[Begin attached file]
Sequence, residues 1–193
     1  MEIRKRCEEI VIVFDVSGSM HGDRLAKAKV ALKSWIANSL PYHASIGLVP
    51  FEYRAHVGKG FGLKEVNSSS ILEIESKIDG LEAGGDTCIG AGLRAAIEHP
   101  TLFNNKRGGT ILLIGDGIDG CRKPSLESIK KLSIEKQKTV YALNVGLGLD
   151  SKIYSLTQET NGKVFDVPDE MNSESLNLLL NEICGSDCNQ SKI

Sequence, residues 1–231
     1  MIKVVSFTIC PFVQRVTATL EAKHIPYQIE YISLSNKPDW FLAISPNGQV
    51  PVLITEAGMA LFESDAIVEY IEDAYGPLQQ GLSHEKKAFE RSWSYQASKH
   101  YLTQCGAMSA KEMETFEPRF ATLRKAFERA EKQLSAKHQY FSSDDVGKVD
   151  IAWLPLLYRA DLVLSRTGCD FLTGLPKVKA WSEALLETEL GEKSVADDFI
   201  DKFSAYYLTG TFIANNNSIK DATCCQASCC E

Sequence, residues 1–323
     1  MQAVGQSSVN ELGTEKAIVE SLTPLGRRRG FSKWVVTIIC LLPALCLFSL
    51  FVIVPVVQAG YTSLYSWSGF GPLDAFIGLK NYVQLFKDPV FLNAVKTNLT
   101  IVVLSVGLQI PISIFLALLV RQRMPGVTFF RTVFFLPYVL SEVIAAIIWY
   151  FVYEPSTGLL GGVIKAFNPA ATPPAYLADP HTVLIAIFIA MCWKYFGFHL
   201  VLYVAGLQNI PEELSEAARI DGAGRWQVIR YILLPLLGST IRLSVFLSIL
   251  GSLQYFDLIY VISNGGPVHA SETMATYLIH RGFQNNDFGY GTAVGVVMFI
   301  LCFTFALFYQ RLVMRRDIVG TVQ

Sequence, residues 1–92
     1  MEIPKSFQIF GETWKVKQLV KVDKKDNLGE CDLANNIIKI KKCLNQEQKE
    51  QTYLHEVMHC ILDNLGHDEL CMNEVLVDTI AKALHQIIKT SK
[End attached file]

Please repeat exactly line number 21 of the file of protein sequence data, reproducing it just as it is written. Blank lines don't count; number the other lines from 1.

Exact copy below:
     1  MEIPKSFQIF GETWKVKQLV KVDKKDNLGE CDLANNIIKI KKCLNQEQKE